RAJIV GANDHI MAHILA VIKAS PARIYOJNA(RGMVP) : A dedicated attempt

Published: 04th August 2010
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An important aspect of RGMVP's poverty reduction goals is to address social risks and build safety nets for the poor. While membership of the CIPs itself is the biggest safety net for the poor, risk mitigation measures have been instituted at several levels to ensure that the poor and the poorest of poor have a sense of security and can rely on safety nets in times of need.

At the basic level, the SHGs themselves serve to minimise social risk: close to 24,500 SHG members have savings worth Rs 94 million which considerable enhances security. At the next level, the Total Financial Inclusion strategy works to mitigate social risks by ensuring that high-cost interests and members have savings worth Rs 94 million which considerable enhances security. At the next level, the Total Financial Inclusion strategy works to mitigate social risks by ensuring that high-cost interests and dependence on money lenders are completely eliminated for the poor's lives and that their every need is addressed through the formal system. There is no restriction on the end use of the loan taken by an SHG member: it could be for healthcare, for a wedding in the family, a pilgrimage, a religious ceremony. The aim is to decrease the burden on the poor and reduce social risk by ensuring that they use only formal institutions for their needs rather than money lenders or other sources.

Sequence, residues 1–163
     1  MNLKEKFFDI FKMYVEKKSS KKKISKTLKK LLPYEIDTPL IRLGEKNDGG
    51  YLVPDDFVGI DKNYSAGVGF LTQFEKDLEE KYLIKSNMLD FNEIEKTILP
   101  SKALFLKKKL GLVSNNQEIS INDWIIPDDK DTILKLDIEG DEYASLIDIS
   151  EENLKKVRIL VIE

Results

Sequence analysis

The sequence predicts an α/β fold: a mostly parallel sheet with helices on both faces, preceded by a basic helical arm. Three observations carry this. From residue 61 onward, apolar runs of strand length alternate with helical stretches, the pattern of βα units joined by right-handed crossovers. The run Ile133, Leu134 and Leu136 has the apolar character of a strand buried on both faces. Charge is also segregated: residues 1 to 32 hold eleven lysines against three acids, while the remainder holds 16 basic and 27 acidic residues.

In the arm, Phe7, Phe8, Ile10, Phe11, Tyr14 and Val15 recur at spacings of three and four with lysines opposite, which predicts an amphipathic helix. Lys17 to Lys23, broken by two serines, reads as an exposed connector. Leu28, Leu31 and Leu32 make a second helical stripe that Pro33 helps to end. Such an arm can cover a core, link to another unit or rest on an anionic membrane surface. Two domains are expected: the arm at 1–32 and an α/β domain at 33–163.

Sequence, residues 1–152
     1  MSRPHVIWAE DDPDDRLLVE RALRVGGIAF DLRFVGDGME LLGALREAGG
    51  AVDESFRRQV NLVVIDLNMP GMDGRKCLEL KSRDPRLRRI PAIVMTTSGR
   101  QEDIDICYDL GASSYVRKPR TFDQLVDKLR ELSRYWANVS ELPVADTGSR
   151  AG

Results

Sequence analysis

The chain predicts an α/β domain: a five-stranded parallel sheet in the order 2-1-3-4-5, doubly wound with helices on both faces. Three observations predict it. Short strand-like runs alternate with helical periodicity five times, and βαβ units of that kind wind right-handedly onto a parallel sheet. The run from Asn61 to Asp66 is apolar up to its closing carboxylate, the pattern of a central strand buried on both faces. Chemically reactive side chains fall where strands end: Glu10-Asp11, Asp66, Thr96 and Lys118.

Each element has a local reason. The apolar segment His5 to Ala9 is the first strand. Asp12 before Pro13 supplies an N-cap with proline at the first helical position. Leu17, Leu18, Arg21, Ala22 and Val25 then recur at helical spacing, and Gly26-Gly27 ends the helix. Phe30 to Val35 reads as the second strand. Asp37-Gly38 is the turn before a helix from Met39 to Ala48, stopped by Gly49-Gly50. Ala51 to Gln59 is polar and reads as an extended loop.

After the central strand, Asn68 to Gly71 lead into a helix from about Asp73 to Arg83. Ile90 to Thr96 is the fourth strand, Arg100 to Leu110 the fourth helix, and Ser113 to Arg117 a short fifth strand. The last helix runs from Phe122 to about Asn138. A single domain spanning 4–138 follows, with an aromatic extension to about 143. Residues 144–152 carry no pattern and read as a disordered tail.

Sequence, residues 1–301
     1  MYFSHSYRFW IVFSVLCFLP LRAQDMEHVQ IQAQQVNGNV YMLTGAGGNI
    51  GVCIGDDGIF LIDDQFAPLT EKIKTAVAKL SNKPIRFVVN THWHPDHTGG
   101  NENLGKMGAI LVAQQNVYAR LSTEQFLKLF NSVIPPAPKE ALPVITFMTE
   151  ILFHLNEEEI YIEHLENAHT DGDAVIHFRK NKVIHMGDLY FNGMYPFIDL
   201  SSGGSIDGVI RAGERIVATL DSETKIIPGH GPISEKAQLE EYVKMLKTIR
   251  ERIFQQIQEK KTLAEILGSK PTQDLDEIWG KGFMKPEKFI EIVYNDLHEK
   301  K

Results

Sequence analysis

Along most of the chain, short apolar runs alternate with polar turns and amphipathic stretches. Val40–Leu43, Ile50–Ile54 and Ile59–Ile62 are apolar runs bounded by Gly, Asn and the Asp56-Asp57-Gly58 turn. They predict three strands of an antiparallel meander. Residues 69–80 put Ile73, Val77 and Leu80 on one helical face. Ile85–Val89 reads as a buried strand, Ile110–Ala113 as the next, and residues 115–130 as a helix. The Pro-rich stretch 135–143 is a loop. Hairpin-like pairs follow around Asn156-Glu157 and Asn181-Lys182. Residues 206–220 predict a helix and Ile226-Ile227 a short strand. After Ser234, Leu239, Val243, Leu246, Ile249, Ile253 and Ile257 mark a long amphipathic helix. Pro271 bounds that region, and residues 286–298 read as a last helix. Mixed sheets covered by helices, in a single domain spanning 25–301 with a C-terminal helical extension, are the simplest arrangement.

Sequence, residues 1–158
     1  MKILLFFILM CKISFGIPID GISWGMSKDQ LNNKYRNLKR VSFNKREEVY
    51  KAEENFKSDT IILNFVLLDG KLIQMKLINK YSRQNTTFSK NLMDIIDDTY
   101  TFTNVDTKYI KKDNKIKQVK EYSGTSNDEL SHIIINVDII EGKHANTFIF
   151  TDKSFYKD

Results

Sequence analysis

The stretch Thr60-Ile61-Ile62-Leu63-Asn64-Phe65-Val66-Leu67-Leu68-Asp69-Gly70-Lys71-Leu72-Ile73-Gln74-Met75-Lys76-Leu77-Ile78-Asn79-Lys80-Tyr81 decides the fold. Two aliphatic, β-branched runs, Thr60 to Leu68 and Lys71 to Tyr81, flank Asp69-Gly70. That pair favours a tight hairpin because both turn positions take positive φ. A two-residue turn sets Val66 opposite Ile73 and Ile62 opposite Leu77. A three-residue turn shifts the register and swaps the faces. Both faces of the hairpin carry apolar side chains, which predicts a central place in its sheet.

Food security has been addressed by VOs through Grain Banks. Every member brings a handful of grain to the VO meetings which is collected and from which poor members can 'borrow' rice and wheat for their needs so that no one goes hungry in the village. The grain is returned as and when the borrower is capable of paying back. In some interesting cases, VOs have started monthly grain pensions for the destitute while others have fixed a certain amount of grain to be given to pregnant women.

In many cases, the SHGs, VOs and BOs themselves have set up emergency funds which are used when a contingency arises. The spirit of cooperation and sharing is another effective safety net. In many cases when there is sickness or a disaster like fire, resources from several villages are pooled together to help the affected people overcome the ordeal. When an SHG is short of funds, two or three the SHGs come together to make up the shortage.

RGMVP studies have found that the poor spend a huge amount on healthcare, up to Rs 4,000 to 5,000 per family per year, money that the poor can ill afford. In this scenario, the Swasthya Sakhi programme serves as a safety net by creating awareness on healthcare and hygiene so that the poor can save this expenditure by adopting best practices of health and hygiene.

The NREGA committees at the VO level also effectively work as safety nets by ensuring that the poor are aware of NREGA and access their entitlement of 100 days of employment from the village pradhan.

Under the Social Risk Management initiative, the community has been sensitised to the need for insurance especially when the poor acquire assets such as cattle and livestock. In addition, 12,000 CIP members have been insured under the Rajiv Gandhi Shilpi Swasthya Bima Yojana, aimed at financially enabling the artisans' community to access to the best of healthcare facilities in the country. This scheme covers not only the artisans but his wife and two children as well.

Also on the anvil is the initiation of a community-based health insurance scheme -- Micro Insurance Academy (MIA) recently conducted a two-day workshops in the project area. In collaboration with MIA, RGMVP plans to put a community-based micro health insurance scheme in place that will take into account the existing health supply, ongoing initiatives, and available subsidies so as to ensure that SHG members' welfare is maximised. The scheme is soon to be introduced in three blocks in the project area.



This article is posted by Press Brief.



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